• Progression rates beyond level 2 qualifications were poor
  • Too few employees gained qualifications before the end of their programmes
  • Employers were highly satisfied and identified benefits for their business
  • The direct involvement of employers was a key factor in employees' success
  • Target-setting and monitoring of employees' progress was sometimes poor
  • Most of the employers engaging in Train to Gain operate in sectors with legislative or established industry requirements for training
  • The level of recruitment to Train to Gain via the skills brokerage service was low.
    • Cure

      Department for Business, Innovation and Skills should:

      • Improve uptake and quality of Skills for Life training
      • Develop eligibility criteria to help employees to progress to higher level
      • Establish consistent approaches to data on employee progress
      • Prioritise funding for sectors in most need.
        • Learning and Skills Council and successor bodies should:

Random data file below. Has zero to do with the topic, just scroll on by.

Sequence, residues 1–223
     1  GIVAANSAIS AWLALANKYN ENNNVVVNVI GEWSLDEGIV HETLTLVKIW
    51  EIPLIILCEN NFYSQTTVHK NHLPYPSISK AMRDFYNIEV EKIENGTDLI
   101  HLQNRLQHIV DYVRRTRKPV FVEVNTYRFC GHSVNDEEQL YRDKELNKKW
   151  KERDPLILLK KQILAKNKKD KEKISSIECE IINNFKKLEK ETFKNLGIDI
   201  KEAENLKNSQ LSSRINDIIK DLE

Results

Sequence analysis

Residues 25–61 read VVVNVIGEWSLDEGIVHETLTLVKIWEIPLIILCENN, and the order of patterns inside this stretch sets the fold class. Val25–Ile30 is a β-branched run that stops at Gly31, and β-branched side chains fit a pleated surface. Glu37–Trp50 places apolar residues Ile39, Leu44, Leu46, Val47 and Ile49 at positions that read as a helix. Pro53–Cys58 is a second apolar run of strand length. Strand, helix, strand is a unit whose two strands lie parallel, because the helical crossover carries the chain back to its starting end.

• Revise definitions of "hard to reach" employers
          • Help employees made redundant to resume their studies
          • Ensure that providers with no experience of delivering NVQs via work- based learning have systems for delivery.
            • Providers should:

              • Improve their offer of Skills for Life training and qualifications and develop staff accordingly
              • Help improve take-up of training in Skills for Life
              • Develop progression routes and extend their offer of level 3 training and qualifications
              • Improve the use of individual learning plans, progress reviews and target-setting to help employees to progress.